Personalising the story as a battle between ‘the Devil’ and Casement is more than a narrative device, their stories had clear parallels. The two men were the same age, and given the Irishman’s dark features, were not entirely dissimilar in appearance – but their self-confidence and ambition had propelled them in opposite directions. Coincidentally, while returning home from promoting his company in London, Arana travelled on the liner carrying Casement on his first trip to the Amazon. The Peruvian tycoon apparently took Casement’s accusations as a personal affront. When the reports and allegations began to fly, Arana tried persistently to meet with him, presumably to deploy his undoubted charm and diplomacy. His efforts were politely, but persistently, rebuffed. Arana did not forget his grievance, and struggled to undermine his opponent’s reliability. In the wake of the 1916 Rising, as Casement awaited trial for treason, he received a telegram from Arana. The perpetrator of countless cruelties on the defenceless Huitoto urged Casement to confess his guilt ‘only known by Divine Justice regarding your dealings in the Putumayo business’. After Casement’s execution Arana enquired whether he had replied to the telegram, but Casement had rebuffed him one final time.
With its themes of international finance, the global commodities market and exploitation of powerless people on one hand, and lobbying by humanitarian activists, pressmen and NGOs on the other, the book feels surprisingly contemporary. Certainly its main protagonists are men of the modern era. Arana, the Devil, was a debonair Peruvian rubber magnate and international businessman. His manipulation of the economy and politics in Peru, and persuasive manner in deflecting Casement’s accusations, would fit him for a directorship in a multinational firm today. Casement’s conflicted national identity, his struggles with his diplomatic ambitions, and his selfless commitment to human rights make him a sympathetic figure for modern readers. The plot of this drama, however, was all too real. Goodman’s choice of photographs illustrates the brutal treatment of the Huitoto Indians. Armed European and Barbadian overseers tower over the diminutive local population, while whip marks on a child and the cowed faces of the population can only hint at the routine rape, maiming and murder of resistant or unproductive Indians. But this book goes deeper than atrocity porn.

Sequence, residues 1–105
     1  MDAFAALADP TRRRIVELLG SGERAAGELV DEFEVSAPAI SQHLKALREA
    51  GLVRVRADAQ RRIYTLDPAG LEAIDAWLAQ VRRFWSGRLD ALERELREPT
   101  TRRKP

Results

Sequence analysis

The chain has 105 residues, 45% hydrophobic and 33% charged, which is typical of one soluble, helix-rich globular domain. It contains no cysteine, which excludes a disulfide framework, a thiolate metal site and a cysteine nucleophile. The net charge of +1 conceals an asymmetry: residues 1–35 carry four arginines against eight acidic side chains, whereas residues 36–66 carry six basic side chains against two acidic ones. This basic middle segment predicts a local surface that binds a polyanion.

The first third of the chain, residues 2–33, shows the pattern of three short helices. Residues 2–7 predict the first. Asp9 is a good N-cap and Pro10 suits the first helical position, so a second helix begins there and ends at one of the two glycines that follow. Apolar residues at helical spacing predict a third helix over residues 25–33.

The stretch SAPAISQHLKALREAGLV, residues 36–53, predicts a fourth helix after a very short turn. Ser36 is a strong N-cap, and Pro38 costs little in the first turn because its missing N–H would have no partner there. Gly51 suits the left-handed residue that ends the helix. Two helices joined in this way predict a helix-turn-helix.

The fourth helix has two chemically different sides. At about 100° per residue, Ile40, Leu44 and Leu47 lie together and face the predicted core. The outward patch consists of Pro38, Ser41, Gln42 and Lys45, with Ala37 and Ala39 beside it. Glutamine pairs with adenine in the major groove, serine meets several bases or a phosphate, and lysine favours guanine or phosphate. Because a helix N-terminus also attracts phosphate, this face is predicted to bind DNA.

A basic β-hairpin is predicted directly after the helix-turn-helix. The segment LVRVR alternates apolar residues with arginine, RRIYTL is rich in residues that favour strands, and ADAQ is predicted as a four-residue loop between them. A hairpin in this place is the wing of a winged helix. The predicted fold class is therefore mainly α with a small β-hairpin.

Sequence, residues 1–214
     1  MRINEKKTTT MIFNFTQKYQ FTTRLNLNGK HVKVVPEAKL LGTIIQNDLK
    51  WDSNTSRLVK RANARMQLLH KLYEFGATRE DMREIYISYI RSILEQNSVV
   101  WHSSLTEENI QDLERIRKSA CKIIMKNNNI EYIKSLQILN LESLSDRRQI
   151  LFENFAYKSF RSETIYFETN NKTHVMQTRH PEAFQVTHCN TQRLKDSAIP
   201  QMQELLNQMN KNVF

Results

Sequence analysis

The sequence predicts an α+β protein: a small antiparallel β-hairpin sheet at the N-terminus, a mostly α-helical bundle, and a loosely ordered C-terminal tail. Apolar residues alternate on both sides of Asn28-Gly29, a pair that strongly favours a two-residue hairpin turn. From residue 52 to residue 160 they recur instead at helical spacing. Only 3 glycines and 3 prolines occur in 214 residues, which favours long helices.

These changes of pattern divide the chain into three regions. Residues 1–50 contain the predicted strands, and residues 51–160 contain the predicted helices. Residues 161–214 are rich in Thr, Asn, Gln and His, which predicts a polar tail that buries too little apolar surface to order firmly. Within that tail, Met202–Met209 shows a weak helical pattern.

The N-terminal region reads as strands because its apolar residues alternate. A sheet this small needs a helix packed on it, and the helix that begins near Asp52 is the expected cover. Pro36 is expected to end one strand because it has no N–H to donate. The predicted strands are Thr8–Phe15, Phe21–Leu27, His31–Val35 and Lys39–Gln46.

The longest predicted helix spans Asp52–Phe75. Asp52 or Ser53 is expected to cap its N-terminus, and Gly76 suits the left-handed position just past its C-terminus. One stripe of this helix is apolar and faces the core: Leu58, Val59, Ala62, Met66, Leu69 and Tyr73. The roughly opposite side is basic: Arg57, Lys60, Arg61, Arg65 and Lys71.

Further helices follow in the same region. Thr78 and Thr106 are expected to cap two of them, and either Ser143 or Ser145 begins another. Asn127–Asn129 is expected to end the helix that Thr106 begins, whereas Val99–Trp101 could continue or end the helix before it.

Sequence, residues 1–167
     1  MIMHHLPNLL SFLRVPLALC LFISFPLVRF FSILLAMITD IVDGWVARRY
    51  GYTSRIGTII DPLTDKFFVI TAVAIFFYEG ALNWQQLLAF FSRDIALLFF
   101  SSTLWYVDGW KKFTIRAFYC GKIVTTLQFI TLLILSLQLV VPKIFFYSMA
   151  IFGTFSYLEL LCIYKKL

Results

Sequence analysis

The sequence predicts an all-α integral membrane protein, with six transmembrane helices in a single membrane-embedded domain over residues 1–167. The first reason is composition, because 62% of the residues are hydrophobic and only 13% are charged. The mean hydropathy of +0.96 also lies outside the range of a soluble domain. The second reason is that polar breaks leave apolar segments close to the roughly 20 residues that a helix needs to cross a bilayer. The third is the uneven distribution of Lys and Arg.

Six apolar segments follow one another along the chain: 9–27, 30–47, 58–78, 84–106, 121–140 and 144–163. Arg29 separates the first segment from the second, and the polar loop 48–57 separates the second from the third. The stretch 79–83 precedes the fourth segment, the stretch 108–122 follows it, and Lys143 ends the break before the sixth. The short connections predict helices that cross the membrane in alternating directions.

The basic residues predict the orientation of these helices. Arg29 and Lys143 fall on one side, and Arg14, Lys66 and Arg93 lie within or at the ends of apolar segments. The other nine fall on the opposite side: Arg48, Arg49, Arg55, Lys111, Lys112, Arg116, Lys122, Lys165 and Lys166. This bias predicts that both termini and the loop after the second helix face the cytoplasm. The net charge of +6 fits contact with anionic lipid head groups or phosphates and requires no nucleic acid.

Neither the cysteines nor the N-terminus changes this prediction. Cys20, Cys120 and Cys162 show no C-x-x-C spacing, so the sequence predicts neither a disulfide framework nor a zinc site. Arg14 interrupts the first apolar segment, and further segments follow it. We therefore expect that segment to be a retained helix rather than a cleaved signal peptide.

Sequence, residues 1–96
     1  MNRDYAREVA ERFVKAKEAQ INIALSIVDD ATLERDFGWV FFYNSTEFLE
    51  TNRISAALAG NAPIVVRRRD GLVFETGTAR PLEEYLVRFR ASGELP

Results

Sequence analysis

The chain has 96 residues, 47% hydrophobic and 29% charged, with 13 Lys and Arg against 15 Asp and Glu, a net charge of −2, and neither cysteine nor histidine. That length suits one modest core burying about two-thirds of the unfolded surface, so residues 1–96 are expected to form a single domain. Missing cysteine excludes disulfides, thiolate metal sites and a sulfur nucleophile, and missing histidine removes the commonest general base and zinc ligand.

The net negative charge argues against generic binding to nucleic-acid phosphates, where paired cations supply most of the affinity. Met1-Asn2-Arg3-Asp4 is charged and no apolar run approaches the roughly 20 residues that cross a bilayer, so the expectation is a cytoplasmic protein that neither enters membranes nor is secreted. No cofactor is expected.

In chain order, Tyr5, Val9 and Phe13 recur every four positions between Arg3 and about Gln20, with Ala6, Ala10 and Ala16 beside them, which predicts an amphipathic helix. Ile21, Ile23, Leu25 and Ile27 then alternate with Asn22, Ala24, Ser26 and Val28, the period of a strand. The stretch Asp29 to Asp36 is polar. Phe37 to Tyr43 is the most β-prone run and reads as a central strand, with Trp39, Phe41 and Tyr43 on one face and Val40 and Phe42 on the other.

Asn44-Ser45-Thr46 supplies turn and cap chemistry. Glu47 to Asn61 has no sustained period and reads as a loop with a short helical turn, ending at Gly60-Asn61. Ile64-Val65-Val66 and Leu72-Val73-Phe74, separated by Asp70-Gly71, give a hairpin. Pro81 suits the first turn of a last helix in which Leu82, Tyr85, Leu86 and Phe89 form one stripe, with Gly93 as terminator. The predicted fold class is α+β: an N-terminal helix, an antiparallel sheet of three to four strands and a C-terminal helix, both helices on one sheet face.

Goodman’s painstaking research reconstructs the travels and paper trails linking businessmen, politicians, diplomats and humanitarians. While these can be confusingly detailed on occasion, they give weight to his analysis and reveal the complexity of the issues involved. The rise of the USA as a global power at the start of the twentieth century is evident in Britain’s anxious respect for the US Monroe Doctrine, in which Washington claimed the sole right of interference in South America. Also apparent is a growing awareness (or admission) of colonial abuses around the world. A House of Commons report into the Putumayo case in 1912 noted that forced labour and abuse of the indigenous population were not confined to South America. At the height of the imperial age the book presents activists, and some administrators, who were critical of the colonial project.